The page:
Denis Gurianov had the only goal on the night for the Montreal Canadiens as they fell to the New Jersey Devils. Jonathan Drouin hit the goal post with the goalie pulled to tie it. The final count was 3-1 Devils as Montreal’s losing skid is now six.
Every single game for about a month, Josh Anderson should have scored two or three goals. He’s had open looks, breakaways. His rushes have been impressive.
He’s playing some of the best hockey of his career. Head Coach Martin St. Louis felt that he could teach Anderson how to be a smarter hockey player to achieve more. He was right.
Anderson looks like a different player this season. He uses his body like he always has. He forechecks with the same effectiveness. However, what is different is how Anderson is finding open space at a much better level than he has in his career.
Anderson suddenly has figured out how to get open. He is reading the play much better. He is, along with Mike Matheson, the most improved Canadiens player from two or three seasons ago. It’s not close. Those two completely stand out in the past month.
Call of the Wilde: Despite 4-3 loss, Montreal Canadiens shine against New York
Anderson has 19 goals on the season behind only Cole Caufield and Nick Suzuki. That is an outstanding contribution from Anderson. One more goal and it will be Anderson’s second best season in his career. He had 27 in 2018-19.
If he can score four or five more in the final quarter of the season to finish with around 25, he would be an attractive get for a club looking for a power forward to bring them a step closer to the Stanley Cup.
General Manager Kent Hughes has apparently turned down a first round draft pick already for Anderson. Anderson is playing like that value will go higher at the draft as Hughes looks for a third first rounder to go with his own and Florida’s.
It should be interesting. For the long term success of the club, it should be a deal that Hughes makes to get a seven year asset for Anderson who will be heading to the downside of his career when the Canadiens finish their rebuild.
Call of the Wilde: Montreal Canadiens fall 4-3 in shootout to the Carolina Hurricanes
Although this was hardly the most entertaining game, the Canadiens held their own again against one of the best teams in the league. This week, Montreal took both the Carolina Hurricanes and New York Rangers to overtime, and on Saturday night, they gave the Devils a scare.
That’s a formidable trio of opponents for a team that is more Laval Rocket than Montreal Canadiens. Credit to the players for their competitive fire. The record says winless in six, but there’s been no shame whatsoever to any of it.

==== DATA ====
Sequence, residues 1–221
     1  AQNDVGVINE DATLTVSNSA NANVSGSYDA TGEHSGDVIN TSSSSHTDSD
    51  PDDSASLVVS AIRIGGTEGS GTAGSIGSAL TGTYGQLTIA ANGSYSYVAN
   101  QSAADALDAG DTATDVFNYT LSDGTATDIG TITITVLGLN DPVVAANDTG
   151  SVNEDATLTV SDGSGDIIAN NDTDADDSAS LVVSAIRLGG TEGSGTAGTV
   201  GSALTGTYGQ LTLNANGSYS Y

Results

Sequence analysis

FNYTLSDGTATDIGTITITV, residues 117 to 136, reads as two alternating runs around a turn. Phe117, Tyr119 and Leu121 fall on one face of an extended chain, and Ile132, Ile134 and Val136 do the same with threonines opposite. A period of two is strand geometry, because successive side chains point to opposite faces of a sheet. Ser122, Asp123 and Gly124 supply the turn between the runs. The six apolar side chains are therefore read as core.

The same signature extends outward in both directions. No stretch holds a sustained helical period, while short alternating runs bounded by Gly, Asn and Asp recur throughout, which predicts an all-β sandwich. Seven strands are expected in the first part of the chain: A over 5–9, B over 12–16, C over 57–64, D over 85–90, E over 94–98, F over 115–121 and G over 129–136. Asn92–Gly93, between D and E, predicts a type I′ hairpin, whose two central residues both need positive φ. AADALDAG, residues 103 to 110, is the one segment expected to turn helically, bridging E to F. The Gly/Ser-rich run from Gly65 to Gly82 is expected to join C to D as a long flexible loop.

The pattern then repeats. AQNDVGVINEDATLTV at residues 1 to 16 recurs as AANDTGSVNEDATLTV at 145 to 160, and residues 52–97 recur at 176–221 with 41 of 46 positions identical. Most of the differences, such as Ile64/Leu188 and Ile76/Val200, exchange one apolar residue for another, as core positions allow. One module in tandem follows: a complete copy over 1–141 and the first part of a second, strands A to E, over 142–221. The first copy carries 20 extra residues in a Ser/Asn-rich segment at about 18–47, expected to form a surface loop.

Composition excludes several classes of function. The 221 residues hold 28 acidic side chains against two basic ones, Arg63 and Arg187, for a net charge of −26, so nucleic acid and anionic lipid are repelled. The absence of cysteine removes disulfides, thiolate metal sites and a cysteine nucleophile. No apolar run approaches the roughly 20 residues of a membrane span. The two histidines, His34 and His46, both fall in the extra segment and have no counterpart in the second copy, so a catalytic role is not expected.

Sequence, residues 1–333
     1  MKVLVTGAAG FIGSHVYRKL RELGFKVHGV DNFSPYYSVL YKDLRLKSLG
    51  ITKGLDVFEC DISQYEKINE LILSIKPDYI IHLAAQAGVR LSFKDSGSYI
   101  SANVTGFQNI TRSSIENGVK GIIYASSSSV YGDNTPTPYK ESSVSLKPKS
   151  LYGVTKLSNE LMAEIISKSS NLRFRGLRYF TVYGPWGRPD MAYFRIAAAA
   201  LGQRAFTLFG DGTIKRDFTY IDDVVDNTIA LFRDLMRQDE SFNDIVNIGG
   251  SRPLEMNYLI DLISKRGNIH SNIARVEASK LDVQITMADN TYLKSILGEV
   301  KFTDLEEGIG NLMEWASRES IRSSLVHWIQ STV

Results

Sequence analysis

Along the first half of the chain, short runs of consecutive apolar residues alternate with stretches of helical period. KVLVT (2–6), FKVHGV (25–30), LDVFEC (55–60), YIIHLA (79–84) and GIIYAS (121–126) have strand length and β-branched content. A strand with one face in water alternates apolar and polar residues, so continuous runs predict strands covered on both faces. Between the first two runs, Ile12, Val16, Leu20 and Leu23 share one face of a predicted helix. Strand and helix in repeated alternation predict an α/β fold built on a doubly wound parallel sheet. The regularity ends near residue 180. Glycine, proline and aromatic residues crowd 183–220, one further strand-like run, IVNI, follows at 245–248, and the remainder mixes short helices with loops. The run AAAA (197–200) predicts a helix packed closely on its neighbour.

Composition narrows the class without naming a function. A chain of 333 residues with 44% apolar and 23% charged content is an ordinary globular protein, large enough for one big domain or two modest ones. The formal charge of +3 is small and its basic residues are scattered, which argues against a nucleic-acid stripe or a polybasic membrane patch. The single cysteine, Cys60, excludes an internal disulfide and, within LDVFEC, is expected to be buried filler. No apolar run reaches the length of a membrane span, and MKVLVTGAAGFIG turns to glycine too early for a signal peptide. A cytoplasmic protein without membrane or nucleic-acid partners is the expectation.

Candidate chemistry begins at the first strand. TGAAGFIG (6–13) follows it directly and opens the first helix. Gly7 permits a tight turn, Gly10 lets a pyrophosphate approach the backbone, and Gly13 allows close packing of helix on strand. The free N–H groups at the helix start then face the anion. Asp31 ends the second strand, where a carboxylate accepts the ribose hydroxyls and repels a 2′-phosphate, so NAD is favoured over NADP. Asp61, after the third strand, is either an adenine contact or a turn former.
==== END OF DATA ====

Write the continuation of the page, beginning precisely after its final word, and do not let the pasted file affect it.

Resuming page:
The news today that Kirby Dach skated before practice was deceptively important. The Case Of Kirby Dach is one for the Hardy Boys series. It would be nice if it were solved.
Columnist’s tweet about Jagmeet Singh’s yellow turban condemned
Am I ready to buy a home? Questions to ask before entering the housing market
Dach left the line-up initially for what the Canadiens called a non-Covid upper body illness. This used to be what we called a cold, or the flu. Now it needs that preface of non-Covid for clarity to ensure that no one frets that a contagion is going to go through the room that could sideline many players.
About five days later, Dach had not returned to the line-up. That was strange. Usually, a cold doesn’t take a player out for a week at the NHL level. As media and fans, we waited patiently. We wanted more clarity.
Instead, what we got was another chapter of mystery for the Sherlock Holmes types. The upper-body illness became a lower body injury. The problem moved. That’s odd. Even odder is what was thought of as a virus became skeletal.
Call of the Wilde: Montreal Canadiens fight hard but fall to Vegas Golden Knights
Don’t look for any answers here. Injuries are muscles, and tendons and bones. Colds don’t mutate into torn muscles.
As a result, if the problem can’t be understood, all one hopes for is that the problem goes away. Saturday morning, we could see that the lower body injury had healed enough for Dach to be able to skate.
That’s all that matters when there is absolutely no clarity: Can he skate? Can he play hockey? That he can says that Dach is going to be fine, eventually.
He’s on the ice and the clock is now ticking to his return. Whatever the injury was, it’s now going in the right direction. Now, all we seek is a return date. It’s been almost a month already.
It would be nice to learn one day how all of this illness to injury evolved, but if we don’t know, then allow for privacy. As long as he is back on the ice, that is all that matters.
Brian Wilde, a Montreal-based sports writer, brings you Call of the Wilde on globalnews.ca after each Canadiens game.
© 2023 Global News, a division of Corus Entertainment Inc.